The Obama campaign, ever mindful of its larger, cooler-headed strategy, has saved its most adroit response to the changing circumstances for its most beneficial moment: In rapid succession they released new, policy-specific contrast ads of their own--portraying McCain as the candidate under whom one's tax liability would actually increase--and, even more deftly, announced that they would beat Mr. McCain's newest attack ads onto the air with a commercial suggesting that such attacks are an attempt by McCain to change the subject. In a rare moment of confluence between a national Democratic campaign strategy, and the untrained armchair intuitions of this author, the Obama people are about to make the nature of McCain's campaign into a campaign issue unto itself, labeling McCain's behavior from last week as "erratic" and suggesting--quite forcefully--that the forthcoming negative ads against their candidate are an attempt by McCain "to turn the page," something the middle-class in middle America can't do quite so easily. It's an amazingly effective ad, precisely because it's all true.

Most pundits will tell you that personality-driven attack ads are highly effective. The public doesn't like them, we are asked to believe, but they move voters anyway. This is true when viewed through a macro lens like this, but it becomes less true when the specifics of the race are taken into account: Negative ads work very well when a significant portion of the electorate hasn't yet made up its mind in a permanent way (e.g., Dukakis), when the reason to vote for the person being attacked is structurally insufficient (e.g., Kerry), or when the ads resonate with people who'd already come independently to the same, specific negative opinions in advance (e.g., Gore).

They don't work nearly as well when the principal knock against the candidate has already been dispelled by his own public persona (e.g., Reagan), and certainly not when the the person being attacked is prepared to turn the nature of the attack itself into a talking-point (e.g., Clinton). In these cases, particularly after a series of attempts to shake-up the dynamic of the election on the part of the attacker have already publicly and spectacularly failed, the attacks themselves are far more likely to be dismissed by the persuadable middle as shrill and desperate. Jimmy Carter, lest we forget, didn't stop running negative ads just because Reagan dispelled their content in the debate; they just stopped working.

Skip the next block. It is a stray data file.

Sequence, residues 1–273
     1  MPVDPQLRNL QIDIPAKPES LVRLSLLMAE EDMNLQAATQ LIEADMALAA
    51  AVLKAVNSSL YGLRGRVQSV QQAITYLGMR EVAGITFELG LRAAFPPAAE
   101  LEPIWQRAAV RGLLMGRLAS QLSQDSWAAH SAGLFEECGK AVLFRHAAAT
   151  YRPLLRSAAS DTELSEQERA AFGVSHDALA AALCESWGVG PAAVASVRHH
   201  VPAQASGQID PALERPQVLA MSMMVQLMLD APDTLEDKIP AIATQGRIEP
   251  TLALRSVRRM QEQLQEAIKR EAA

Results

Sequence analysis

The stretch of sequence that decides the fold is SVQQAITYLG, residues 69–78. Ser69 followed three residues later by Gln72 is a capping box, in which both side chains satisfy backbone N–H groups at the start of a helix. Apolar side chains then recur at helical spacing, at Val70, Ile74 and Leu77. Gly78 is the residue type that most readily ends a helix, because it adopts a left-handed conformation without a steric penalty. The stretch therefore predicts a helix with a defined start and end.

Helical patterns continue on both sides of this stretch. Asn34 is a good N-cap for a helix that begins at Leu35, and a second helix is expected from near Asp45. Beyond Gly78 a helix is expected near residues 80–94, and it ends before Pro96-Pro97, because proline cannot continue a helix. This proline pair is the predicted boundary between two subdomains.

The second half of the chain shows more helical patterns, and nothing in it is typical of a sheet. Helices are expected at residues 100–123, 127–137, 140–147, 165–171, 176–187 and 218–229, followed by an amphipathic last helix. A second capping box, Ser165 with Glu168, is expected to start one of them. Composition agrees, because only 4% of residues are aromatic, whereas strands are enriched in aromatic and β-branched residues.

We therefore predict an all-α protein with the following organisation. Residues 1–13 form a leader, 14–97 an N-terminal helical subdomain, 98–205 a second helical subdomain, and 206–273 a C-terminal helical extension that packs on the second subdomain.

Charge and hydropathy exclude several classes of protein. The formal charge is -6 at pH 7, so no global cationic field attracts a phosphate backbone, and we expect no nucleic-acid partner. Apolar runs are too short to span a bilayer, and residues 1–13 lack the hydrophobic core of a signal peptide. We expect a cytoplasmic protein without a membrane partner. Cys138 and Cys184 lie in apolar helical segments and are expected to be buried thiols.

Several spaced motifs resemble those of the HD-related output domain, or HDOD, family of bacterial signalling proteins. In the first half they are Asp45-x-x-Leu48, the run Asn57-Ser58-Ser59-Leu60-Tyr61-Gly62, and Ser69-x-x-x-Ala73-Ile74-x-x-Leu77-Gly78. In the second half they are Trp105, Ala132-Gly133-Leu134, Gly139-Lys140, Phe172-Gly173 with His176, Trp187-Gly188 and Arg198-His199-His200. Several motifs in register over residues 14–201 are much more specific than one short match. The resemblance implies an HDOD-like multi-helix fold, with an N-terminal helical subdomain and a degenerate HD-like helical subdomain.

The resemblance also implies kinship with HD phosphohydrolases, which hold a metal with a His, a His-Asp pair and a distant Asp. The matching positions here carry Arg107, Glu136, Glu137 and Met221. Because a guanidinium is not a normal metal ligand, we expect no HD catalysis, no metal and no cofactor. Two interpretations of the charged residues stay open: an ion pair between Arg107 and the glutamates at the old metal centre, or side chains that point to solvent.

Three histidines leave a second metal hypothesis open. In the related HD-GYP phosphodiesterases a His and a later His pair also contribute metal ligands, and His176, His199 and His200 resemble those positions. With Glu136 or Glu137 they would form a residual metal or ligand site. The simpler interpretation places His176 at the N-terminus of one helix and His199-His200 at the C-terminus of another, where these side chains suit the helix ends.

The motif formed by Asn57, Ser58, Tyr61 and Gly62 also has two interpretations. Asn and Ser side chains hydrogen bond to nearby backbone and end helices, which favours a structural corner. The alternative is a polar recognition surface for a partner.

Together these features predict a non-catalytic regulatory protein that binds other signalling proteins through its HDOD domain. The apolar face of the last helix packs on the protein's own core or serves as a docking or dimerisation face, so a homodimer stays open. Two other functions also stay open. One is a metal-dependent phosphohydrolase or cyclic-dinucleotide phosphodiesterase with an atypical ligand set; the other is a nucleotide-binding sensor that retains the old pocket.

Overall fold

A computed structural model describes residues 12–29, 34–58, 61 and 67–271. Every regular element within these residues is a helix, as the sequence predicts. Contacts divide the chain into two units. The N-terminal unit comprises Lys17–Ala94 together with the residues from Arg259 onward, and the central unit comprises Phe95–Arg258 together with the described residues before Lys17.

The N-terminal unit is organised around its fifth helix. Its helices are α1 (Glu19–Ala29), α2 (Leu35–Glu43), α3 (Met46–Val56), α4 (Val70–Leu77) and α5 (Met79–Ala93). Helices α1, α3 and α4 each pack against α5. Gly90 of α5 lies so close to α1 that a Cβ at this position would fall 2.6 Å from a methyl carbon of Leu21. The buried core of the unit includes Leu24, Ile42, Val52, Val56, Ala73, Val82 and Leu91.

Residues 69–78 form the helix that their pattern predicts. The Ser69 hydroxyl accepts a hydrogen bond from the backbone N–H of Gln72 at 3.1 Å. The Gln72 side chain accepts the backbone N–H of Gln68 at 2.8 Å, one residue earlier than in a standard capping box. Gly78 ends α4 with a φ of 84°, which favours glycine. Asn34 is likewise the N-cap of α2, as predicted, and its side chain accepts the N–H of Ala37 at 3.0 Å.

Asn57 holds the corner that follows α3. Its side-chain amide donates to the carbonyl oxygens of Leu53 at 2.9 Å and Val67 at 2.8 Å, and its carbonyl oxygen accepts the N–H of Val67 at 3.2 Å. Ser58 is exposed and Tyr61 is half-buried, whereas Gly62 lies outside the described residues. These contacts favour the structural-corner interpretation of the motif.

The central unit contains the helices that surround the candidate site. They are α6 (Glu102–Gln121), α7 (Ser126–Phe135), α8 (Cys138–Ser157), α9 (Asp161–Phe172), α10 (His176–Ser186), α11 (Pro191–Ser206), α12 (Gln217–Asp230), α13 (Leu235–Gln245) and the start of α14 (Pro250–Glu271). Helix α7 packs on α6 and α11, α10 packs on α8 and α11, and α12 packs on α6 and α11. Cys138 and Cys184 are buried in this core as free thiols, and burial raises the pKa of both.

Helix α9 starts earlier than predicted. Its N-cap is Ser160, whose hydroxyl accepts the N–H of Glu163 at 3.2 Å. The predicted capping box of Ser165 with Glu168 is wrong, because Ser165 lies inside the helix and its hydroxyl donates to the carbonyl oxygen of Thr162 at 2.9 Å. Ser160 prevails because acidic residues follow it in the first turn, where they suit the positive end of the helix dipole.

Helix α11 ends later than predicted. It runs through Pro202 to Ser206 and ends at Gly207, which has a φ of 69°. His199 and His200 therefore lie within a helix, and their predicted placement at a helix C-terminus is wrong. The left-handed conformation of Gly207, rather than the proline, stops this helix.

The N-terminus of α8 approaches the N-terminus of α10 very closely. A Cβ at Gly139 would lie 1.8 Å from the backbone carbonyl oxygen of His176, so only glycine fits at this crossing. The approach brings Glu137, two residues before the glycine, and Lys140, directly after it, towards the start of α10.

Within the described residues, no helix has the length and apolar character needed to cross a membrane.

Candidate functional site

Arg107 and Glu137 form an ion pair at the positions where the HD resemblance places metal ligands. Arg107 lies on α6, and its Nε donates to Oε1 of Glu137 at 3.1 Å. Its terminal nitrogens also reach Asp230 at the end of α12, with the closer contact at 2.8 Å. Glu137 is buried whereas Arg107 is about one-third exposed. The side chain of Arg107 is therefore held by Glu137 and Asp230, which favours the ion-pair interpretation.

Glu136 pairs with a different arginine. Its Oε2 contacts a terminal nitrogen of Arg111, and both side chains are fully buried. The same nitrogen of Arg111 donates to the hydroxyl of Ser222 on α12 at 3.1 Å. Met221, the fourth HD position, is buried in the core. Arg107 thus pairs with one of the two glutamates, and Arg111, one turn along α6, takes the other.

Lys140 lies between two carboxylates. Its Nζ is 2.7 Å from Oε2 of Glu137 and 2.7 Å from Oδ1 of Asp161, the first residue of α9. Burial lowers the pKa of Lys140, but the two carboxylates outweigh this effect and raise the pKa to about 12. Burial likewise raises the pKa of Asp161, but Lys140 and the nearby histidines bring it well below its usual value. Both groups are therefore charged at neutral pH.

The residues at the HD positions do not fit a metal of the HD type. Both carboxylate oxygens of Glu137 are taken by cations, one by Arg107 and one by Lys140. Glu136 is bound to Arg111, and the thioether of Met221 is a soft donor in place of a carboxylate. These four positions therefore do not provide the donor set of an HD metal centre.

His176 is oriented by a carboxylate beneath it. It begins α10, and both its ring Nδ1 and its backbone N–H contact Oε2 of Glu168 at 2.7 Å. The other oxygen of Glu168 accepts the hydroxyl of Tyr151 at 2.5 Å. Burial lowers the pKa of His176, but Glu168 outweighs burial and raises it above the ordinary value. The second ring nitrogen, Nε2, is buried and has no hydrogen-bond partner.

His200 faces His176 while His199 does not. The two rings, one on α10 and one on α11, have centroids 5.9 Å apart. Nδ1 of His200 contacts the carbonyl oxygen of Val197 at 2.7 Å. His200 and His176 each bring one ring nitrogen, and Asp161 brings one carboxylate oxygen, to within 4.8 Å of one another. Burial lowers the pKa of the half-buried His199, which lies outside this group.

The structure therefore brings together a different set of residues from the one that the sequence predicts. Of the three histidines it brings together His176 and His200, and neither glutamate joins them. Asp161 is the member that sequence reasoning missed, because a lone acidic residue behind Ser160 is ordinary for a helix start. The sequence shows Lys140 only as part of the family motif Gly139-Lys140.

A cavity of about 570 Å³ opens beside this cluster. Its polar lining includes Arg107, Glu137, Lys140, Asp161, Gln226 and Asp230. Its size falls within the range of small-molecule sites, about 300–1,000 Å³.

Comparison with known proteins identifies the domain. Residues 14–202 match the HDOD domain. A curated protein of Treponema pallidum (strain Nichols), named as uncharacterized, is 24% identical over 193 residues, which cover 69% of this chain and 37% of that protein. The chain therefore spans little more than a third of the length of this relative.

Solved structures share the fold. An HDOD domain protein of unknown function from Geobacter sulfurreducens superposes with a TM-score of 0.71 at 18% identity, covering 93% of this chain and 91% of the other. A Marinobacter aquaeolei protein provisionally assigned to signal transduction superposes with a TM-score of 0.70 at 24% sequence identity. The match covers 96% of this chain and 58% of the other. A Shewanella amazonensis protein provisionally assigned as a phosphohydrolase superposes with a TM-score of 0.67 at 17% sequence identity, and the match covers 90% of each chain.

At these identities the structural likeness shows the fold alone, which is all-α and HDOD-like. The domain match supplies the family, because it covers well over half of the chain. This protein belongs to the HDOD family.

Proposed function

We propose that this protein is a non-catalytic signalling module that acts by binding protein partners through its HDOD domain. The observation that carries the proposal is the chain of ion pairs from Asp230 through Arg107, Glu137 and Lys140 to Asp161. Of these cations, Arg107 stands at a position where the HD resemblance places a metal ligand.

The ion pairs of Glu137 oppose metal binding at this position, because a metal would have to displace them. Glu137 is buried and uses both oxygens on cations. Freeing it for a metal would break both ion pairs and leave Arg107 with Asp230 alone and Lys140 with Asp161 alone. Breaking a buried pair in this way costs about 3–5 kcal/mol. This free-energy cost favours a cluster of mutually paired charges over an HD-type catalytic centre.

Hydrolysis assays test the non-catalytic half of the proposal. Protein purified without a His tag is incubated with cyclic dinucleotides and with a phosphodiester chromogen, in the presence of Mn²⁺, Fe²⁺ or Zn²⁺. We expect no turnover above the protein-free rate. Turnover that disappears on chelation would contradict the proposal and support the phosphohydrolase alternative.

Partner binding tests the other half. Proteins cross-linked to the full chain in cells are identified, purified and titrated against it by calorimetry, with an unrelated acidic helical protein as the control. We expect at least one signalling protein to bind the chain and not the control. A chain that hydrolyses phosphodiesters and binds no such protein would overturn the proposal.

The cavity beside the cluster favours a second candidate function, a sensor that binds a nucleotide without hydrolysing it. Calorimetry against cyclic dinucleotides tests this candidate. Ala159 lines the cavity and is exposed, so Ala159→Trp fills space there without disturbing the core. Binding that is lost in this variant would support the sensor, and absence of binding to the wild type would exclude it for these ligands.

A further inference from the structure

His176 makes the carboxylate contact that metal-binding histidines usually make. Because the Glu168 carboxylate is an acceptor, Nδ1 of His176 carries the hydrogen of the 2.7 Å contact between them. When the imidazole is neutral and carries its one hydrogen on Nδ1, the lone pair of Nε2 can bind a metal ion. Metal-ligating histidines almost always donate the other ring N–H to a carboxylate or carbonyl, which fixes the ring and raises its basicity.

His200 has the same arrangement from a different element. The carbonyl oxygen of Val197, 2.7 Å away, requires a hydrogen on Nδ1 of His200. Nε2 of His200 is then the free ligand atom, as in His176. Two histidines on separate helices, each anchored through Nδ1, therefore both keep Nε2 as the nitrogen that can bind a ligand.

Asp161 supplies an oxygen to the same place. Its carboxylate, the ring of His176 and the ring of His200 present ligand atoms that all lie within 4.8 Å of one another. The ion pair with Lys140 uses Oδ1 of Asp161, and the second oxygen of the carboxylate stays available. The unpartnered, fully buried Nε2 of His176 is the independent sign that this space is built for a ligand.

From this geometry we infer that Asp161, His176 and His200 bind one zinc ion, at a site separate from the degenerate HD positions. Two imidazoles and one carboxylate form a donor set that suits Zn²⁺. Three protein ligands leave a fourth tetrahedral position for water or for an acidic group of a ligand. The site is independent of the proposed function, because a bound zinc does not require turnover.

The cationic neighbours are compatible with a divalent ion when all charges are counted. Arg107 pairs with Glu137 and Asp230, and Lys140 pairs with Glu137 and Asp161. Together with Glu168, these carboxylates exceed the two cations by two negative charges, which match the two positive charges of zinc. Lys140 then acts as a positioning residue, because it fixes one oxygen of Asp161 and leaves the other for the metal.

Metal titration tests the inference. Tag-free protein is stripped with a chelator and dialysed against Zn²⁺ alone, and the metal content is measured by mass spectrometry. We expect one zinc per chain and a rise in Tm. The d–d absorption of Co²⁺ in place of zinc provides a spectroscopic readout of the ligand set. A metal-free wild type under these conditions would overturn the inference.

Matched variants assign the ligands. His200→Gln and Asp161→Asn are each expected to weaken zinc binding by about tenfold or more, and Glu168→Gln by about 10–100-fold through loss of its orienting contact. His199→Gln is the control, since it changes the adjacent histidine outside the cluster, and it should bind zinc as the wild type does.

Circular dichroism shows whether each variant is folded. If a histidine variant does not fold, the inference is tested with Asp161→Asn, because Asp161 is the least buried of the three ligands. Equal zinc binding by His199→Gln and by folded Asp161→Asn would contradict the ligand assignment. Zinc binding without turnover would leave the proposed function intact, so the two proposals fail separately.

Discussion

It would seem that Barack Obama is indeed now in a position to drive the final nail, and isn't hesitating to do exactly that. With effective ads articulating the hidden tax burden of McCain's supposed credits, he keeps the discussion squarely focused on domestic policy--where his thumb is so firmly on the scale already that he gained eight points in tracking polls during meltdown week before he'd even uttered a single word. By nullifying McCain's personality-play in advance, with an even more effective ad that switches us back to domestic policy once again, Obama preempts the last, desperate move of a desperate campaign, framing them as vulnerable and rudderless in the final precious hours leading into the first Presidential debate that anyone will actually get to see, since it won't be broadcast at nine o'clock on a Friday night.

Predictions about what might happen next are always dangerous, but with this decided reversal of air-war fortunes it would seem less dangerous than it might otherwise, to predict a big night on Tuesday for Barack Obama, and a further separation in the popularity of the two tickets as a result. It seems likely that McCain will deal with the nullification of his ugly tactics at an emotional level, perhaps behaving even more erratically than he had during the time-frame depicted in Obama's new commercial. Certainly the drinking-game word for the night could, if this author endorsed such things, be "erratic"--and even more certainly, the McCain/Palin ticket will signal its accession of defeat if that word leaks from their own guy's mouth even a single time.

I believe that we are witnessing, in real time, the end-game of this election, with Obama pulling just the right levers, in just the right order, to close the deal on becoming our nation's first African-American Chief Executive. There's a month left, of course--but it took McCain six weeks of summer to whittle a lead that was half the size with his Paris Hilton / Celebrity play, and a goodly chunk of that time Mr. Obama was either overseas or on vacation. Even October surprises that are external to campaign strategy may not be enough to save McCain, now.

Dave O'Gorman
("The Key Grip")
Gainesville, Florida

1 comment:

Doug said...

The best part of Fey's performance? Hopefully the word 'Maverick' has been so tarnished now that it has been removed from the Republican playbook and lexicon.